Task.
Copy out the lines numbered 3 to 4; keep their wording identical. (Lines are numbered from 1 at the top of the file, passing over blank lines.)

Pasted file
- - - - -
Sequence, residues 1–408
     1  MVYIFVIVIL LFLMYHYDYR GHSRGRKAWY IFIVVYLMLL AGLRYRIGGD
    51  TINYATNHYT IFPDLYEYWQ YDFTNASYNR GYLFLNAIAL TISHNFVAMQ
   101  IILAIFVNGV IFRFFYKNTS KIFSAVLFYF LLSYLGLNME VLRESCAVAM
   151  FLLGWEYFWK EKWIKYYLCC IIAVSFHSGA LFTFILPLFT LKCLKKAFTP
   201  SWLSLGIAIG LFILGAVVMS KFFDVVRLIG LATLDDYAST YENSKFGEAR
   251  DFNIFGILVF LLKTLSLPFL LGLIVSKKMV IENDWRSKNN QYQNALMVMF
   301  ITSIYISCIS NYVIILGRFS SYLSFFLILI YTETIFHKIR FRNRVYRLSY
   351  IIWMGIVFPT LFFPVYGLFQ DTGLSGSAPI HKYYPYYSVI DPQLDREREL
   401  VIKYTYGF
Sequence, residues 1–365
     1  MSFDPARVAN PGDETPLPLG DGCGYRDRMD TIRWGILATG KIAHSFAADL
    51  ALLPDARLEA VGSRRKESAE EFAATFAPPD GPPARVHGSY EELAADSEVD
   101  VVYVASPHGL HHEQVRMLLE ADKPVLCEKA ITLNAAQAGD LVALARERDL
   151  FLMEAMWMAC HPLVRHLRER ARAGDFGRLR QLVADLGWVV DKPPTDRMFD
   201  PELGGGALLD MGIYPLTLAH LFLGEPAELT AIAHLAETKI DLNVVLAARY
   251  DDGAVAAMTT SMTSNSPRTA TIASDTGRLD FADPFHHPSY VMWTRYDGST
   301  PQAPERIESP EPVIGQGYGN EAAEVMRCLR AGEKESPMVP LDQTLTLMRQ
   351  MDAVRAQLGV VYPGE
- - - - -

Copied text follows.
    51  TINYATNHYT IFPDLYEYWQ YDFTNASYNR GYLFLNAIAL TISHNFVAMQ
   101  IILAIFVNGV IFRFFYKNTS KIFSAVLFYF LLSYLGLNME VLRESCAVAM